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Patent suggests Microsoft’s next HoloLens could tell where you’re looking

If a patent filing recently uncovered by MSPoweruser is to be believed, Microsoft is at least considering the possibility of eye-tracking tech for head-mounted displays (HMDs). This technology, which uses “wave guides” to track infrared-lit peepers, is an attempt at mitigating some of the compatibility issues experienced with prescription eyewear.

The most painless way eye-tracking is performed is by affixing a camera to the frame of the HMD. Unfortunately, that requires that at least part of your view is hampered by the rig itself. Otherwise, the only other commonly adopted means of eye-tracking is with the help of a partial reflector bending the camera’s line of sight directly to your temple.

While this aids in avoiding a curbed view, it doesn’t fare well for users who wear glasses. Theoretically, Microsoft’s patent would remedy this problem, utilizing a transparent wave guide composed of both an input coupler and an output coupler for all the heavy lifting.

Within the patent, Microsoft details a markedly high-level overview of how this all works:

“Certain embodiments described herein relate to a waveguide that is for use in tracking an eye that is illuminated by infrared light. Such a waveguide, which can be used in a head mounted display (HMD), but is not limited for use therewith, is transparent and includes an input-coupler and an output-coupler.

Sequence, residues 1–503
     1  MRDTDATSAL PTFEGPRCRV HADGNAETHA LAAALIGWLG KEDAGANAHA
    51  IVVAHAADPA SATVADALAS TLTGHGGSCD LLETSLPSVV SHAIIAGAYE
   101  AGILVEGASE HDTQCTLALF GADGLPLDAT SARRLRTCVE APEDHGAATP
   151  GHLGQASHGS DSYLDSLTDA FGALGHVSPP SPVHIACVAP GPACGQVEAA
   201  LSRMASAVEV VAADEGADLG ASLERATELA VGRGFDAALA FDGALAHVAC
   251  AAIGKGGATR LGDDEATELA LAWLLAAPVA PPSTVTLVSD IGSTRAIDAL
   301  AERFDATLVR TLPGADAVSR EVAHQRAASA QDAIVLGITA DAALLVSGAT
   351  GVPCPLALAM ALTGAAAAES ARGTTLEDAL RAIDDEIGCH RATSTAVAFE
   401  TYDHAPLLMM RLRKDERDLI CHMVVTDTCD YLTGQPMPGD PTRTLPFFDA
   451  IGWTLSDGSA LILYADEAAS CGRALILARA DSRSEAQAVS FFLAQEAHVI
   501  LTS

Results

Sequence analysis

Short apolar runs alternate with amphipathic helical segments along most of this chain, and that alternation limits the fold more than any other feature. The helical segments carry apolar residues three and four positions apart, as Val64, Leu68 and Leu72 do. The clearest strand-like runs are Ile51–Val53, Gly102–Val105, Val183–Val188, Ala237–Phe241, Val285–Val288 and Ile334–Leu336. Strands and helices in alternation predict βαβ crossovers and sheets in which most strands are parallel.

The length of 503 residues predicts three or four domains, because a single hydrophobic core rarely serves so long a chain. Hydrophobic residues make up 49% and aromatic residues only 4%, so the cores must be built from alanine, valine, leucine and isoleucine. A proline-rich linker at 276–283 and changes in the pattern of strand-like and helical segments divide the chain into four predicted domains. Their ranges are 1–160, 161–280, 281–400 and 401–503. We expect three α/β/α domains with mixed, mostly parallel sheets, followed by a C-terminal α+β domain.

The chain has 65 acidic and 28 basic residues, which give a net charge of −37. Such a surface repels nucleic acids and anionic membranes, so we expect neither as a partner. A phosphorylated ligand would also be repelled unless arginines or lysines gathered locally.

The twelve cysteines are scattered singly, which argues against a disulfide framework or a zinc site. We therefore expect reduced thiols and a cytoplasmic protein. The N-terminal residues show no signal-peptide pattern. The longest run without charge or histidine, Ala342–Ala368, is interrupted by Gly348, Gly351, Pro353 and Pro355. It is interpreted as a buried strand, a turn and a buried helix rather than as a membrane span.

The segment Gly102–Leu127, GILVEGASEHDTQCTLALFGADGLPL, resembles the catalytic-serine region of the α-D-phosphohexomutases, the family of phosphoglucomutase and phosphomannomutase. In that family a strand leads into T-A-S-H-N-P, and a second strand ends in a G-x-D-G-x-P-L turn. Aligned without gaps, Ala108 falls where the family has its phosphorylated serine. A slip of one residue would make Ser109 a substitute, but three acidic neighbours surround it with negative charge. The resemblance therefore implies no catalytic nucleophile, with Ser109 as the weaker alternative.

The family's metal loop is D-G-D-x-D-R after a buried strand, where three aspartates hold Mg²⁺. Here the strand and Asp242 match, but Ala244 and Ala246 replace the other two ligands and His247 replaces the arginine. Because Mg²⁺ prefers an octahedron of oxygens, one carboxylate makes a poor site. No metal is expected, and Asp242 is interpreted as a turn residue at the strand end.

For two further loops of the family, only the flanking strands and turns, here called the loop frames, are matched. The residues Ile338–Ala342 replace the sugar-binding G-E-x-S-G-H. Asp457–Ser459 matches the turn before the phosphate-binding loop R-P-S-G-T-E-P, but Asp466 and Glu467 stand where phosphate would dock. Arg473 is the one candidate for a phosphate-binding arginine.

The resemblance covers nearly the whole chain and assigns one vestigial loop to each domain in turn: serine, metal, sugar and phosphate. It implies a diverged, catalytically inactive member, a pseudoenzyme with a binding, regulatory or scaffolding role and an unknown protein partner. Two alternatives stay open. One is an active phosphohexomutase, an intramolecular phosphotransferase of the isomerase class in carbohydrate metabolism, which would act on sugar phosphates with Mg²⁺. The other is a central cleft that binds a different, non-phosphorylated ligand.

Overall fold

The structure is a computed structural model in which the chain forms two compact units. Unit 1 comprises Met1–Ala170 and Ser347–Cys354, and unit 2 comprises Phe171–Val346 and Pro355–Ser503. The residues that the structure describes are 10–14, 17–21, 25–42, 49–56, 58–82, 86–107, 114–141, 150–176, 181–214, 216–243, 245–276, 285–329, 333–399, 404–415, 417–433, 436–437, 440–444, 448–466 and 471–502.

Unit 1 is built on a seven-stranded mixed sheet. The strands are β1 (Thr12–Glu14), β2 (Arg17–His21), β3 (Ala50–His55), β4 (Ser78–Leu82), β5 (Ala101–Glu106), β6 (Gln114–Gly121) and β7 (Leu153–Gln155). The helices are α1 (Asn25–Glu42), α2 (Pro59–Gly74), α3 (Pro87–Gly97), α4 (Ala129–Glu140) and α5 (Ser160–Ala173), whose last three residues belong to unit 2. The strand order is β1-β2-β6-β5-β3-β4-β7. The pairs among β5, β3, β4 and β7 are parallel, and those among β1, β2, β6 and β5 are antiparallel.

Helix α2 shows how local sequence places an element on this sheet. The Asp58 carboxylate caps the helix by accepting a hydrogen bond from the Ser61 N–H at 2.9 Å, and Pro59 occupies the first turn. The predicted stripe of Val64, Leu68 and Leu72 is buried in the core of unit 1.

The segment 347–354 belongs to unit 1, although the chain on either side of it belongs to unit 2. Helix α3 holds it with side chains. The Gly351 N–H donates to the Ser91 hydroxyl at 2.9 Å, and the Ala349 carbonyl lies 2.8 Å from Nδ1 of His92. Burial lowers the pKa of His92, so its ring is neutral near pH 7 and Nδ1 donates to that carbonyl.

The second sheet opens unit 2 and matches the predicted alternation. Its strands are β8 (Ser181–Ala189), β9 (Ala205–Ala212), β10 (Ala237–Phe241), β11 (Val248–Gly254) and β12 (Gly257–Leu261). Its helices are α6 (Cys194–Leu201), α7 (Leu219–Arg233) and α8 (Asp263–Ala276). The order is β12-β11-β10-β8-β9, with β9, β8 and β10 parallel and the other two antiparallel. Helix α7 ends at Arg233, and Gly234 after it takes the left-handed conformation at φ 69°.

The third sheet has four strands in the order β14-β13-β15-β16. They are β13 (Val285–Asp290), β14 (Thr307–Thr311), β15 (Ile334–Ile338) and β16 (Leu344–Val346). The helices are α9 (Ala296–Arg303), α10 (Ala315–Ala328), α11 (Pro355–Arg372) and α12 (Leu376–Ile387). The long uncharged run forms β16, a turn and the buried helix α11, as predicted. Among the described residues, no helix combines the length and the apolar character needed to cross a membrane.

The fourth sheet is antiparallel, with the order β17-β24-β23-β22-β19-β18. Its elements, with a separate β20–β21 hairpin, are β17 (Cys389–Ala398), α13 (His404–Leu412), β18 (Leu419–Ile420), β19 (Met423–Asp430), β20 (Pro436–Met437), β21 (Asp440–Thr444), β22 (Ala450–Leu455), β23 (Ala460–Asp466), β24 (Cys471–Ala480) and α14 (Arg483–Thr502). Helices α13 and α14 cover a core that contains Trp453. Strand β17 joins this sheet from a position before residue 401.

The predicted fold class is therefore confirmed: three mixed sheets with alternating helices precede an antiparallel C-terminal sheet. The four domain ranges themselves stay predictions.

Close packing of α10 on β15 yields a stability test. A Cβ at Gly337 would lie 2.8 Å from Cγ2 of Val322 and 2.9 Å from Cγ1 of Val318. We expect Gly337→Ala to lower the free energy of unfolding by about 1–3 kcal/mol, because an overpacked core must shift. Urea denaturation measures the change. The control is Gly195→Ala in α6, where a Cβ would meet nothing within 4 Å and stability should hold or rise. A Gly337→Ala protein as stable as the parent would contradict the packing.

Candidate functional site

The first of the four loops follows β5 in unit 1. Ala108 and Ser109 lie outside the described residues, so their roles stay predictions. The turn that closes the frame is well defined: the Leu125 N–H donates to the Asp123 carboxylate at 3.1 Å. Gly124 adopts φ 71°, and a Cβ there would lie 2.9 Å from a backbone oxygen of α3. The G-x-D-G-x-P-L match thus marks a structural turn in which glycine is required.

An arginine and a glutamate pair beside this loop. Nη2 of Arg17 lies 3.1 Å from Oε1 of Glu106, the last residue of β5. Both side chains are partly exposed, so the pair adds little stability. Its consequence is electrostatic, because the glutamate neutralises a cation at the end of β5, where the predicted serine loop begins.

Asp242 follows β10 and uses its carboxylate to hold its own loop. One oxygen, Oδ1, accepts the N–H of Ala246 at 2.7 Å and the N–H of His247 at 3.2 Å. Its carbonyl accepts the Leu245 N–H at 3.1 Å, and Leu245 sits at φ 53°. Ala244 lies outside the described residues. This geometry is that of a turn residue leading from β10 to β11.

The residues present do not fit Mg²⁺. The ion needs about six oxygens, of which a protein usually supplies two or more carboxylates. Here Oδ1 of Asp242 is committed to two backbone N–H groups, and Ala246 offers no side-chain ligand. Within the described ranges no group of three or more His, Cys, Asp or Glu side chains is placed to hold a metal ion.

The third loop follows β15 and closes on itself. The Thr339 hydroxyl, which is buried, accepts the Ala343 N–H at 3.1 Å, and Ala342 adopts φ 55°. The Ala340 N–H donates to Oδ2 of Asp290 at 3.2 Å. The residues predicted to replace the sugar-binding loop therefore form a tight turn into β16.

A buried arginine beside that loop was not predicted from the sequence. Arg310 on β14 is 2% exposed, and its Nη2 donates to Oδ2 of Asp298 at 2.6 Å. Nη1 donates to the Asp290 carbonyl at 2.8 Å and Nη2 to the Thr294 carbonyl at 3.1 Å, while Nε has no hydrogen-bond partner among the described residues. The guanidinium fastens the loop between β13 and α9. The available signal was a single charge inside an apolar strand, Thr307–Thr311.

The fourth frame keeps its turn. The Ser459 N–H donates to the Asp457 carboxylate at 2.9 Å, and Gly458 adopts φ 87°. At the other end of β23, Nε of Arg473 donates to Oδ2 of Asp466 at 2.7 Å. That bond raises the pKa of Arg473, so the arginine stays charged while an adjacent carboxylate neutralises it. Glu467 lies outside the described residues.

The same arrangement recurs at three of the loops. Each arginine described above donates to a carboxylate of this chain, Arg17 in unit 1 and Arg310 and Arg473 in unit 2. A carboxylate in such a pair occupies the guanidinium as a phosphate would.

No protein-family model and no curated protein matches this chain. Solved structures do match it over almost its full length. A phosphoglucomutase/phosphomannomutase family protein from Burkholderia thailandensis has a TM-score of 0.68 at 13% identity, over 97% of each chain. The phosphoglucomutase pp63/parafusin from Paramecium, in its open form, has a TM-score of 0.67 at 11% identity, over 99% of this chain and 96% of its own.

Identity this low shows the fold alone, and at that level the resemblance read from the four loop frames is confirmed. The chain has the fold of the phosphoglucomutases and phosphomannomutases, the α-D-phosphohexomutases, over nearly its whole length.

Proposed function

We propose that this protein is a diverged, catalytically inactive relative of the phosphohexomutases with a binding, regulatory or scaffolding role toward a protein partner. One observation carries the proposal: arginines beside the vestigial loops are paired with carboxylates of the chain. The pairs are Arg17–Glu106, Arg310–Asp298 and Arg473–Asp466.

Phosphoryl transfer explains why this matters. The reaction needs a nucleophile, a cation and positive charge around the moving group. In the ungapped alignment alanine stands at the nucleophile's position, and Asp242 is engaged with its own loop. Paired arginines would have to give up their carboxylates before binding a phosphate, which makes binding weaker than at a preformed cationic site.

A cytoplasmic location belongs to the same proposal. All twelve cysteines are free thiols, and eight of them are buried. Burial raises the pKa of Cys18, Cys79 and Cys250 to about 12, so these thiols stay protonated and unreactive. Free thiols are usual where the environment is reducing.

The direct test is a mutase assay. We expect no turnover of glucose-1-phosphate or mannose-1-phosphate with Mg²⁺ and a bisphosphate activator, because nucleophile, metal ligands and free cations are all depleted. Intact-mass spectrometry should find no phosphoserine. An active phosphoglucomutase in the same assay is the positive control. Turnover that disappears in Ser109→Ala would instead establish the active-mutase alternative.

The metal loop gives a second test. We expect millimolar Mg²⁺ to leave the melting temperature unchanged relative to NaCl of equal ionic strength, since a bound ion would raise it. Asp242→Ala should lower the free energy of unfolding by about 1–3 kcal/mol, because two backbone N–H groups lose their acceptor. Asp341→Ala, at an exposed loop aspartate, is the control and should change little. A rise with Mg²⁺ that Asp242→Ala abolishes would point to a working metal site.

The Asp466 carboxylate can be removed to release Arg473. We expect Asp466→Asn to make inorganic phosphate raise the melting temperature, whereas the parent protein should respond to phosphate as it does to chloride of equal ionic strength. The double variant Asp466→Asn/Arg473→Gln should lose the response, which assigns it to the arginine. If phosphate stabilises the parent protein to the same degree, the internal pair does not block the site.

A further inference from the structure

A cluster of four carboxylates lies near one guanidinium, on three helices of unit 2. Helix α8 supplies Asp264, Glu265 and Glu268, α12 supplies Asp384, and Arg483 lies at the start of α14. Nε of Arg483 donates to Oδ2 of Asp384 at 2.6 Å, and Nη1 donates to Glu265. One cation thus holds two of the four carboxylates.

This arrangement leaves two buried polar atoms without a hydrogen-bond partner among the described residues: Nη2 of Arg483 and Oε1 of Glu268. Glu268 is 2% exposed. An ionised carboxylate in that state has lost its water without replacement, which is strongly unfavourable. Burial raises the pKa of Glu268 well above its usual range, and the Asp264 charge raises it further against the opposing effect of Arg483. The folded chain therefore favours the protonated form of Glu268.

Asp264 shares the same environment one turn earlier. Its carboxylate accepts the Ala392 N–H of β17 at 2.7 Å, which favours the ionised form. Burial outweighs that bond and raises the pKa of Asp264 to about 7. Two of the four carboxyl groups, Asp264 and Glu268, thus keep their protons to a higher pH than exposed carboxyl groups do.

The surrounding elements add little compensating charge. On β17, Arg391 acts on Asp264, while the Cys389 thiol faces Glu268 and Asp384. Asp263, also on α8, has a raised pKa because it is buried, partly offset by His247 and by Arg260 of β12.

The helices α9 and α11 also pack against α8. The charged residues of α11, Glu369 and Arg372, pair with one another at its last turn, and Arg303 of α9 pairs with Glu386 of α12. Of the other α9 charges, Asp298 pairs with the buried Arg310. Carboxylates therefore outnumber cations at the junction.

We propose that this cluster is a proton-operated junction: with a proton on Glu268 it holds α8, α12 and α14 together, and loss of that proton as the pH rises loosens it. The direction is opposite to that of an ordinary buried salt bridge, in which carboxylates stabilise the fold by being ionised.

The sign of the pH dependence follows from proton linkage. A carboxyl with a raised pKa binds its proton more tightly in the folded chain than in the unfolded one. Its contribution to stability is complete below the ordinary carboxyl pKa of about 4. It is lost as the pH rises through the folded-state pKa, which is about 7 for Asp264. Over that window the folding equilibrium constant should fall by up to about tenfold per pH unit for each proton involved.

The input-coupler comprises a grating area, formed by plurality of curved grating lines, that diffract light beams incident on the input-coupler into the waveguide and towards a common region at which is located the output-coupler. The curved grating lines of the input-coupler have a radially varying pitch.”

The patent summary goes on to describe how the infrared beams work in conjunction with the curved grating lines of the input coupler, the convergence point of which houses the output coupler, to produce an eye-tracking effect.

It’s all very advanced stuff, but it’s clear that even though this technology isn’t present in HoloLens as we know it, Microsoft is no doubt attracted to the idea.

At any rate, we’ll most likely get a taste of a similar eye-tracking tech at CES next month. SensoMotoric Instruments, a tastemaker in eye-tracking gadgetry, is slated to demo its latest products for HMD devices in the coming weeks.